Think it’s too soon for Prince Andrew jokes? Don’t go and see The Windsors
If you tend to put the Royal family on a pedestal, you may wish to avoid this subtle as whooping cough, boisterous, slightly ramshackle piece of lèse-majesté. But if you are willing to embrace the lunacy, you will be rewarded with a filthily funny 90 minutes or so of broadbrush satire which will have you giggling like a naughty schoolchild all the way home.
It’s based on Channel 4’s hit sitcom (but with musical numbers), and features several of that show’s cast, including Harry Enfield as Prince Charles. Fans will know what to expect – Camilla is a power hungry megalomaniac in waiting; William and Kate are a strait-laced, Boden-loving force for good; Beatrice and Eugenie are vowel-mangling Sloanes who don’t seem to do anything very much. Andrew is, well…
On the day that a civil lawsuit was brought against the Duke of York by a woman who claimed he abused her when she was 17, there is an added resonance to the blunt satire which not everyone will find funny. Here, Andrew, played by Tim Wallers, is being helped by his daughters who are determined to clear his name.
In the song Innocent they opine: “But Daddy cannot sweat, we said, then watched their case unravelling/He’s not a shifty sweaty bloke who goes round Jimmy Saviling.” At the show’s end, the Duke appears handcuffed and dressed in an orange boiler suit. You don’t get nearer the knuckle than this.
The main drive of the plot takes its lead from another treasonous piece of theatre – Mike Bartlett’s King Charles III. Here, following the abdication of the ageing Queen, Charles is crowned king, and, with Camilla pulling the strings, sends the UK back to a medieval feudal system where anarchy reigns and the crown has absolute power (the abuse of which includes burning down Sarah Beeny’s beautiful house in the country and peeing on the ashes).
Meanwhile, Wills and Kate are still at loggerheads with Harry and Meghan after THAT interview, a tension which is exacerbated when, in a drunken moment, Kate and Harry sleep together. Yet, the couples must unite to save dear old Blighty and overthrow the new regime.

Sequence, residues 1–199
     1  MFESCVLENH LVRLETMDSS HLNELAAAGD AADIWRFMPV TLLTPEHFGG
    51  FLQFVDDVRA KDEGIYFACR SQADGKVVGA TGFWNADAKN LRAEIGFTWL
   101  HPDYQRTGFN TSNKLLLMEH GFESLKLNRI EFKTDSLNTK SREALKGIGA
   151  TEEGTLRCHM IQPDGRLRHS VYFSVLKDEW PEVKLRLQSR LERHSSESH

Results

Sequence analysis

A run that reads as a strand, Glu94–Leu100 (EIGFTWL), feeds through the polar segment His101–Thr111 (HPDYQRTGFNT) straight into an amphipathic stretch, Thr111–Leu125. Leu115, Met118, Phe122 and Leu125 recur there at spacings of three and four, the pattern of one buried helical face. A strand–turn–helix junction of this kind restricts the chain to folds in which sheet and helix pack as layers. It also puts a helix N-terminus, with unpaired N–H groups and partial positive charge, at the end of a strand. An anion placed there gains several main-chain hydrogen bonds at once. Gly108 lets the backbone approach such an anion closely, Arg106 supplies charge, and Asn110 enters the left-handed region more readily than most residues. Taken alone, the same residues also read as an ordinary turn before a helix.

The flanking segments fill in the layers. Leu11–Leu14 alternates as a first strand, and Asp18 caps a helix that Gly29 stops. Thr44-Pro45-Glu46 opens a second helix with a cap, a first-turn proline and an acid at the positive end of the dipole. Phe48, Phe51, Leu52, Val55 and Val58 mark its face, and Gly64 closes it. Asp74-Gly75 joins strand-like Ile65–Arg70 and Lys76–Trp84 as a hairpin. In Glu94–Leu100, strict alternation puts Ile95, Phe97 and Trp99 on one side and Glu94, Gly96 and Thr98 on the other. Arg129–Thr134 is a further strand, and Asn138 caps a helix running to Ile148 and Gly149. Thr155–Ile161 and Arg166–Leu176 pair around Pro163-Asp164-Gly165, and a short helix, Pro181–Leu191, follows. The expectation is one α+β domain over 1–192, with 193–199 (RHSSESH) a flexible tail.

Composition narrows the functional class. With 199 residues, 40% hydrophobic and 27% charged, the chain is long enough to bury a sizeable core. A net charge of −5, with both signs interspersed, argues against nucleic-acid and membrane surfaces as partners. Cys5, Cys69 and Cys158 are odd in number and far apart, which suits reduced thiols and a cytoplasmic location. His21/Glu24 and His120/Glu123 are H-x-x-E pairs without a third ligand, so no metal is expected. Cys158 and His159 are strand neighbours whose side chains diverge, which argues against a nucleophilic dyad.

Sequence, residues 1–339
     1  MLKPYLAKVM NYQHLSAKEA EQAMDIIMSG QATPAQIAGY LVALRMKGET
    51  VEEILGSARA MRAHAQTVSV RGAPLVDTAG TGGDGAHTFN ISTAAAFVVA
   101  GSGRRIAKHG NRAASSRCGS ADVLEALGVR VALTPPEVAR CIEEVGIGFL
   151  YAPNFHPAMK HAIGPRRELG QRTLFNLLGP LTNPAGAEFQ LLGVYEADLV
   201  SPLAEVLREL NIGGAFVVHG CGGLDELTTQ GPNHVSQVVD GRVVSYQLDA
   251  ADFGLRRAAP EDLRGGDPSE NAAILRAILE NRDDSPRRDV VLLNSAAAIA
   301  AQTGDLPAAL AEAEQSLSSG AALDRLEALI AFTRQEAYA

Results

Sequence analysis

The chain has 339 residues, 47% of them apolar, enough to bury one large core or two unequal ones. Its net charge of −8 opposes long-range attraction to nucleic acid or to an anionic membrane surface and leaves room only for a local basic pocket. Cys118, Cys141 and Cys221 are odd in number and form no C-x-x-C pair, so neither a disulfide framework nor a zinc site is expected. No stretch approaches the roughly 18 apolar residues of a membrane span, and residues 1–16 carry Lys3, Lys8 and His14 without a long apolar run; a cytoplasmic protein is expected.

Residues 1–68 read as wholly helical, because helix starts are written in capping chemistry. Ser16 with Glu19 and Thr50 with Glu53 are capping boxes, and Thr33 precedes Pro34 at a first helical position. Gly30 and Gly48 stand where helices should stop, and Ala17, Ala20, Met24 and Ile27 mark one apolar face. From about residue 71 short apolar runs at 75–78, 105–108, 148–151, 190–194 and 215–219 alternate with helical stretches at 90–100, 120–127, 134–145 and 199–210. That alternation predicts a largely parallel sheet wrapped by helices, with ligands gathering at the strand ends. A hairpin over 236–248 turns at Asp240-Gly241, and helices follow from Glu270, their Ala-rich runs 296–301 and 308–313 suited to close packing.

Some critics will no doubt sniff at Michael Fentiman’s production – its slight pacing problems, its off-the-boil musical numbers which tend to merely serve the lyrics. But that is to be a killjoy and to ignore the thrill that you get from Bert Tyler-Moore and the late George Jeffrie’s scurrilous script, as well as the post-Covid joy of audience participation (something I normally shudder at).
At one point, we are invited by Matthew Cottle’s Prince Edward (who doubles as various flunkies throughout) to shout “You’ve only got one O level” at Tracy-Ann Oberman’s hissably evil Camilla.
Oberman is the strongest of the performers here (she is one of several cast members not in the series, others include the actresses playing Beatrice and Eugenie), resplendent in an Elizabeth I Gloriana costume and terrific fun at every step, spitting venom in her song Diana, God Damn Her (“Did you see that bloody funeral?/Didn’t it go on and on?/All those people spouting platitudes/ And Elton f---ing John.”) and showing contempt for anyone who deigns to enter her orbit, even the rather underused Enfield as her husband.
There is good work, too, from another new recruit, Sophie Louise Dann’s Fergie, a slightly tragic figure forced by circumstances into being Harry and Meghan’s domestic help and still dreaming of the Eighties high life.
Despite the cartoon characterisation that the script demands, Dann somehow manages to convey a vulnerability which becomes almost moving at certain points.
And that is the thing with The Windsors. For all its lack of depth, you end up liking almost every single member of the family. Accidentally, it feels like a good PR exercise.
Booking until October 9. Tickets: 0844 482 5151; thewindsorsendgame.com/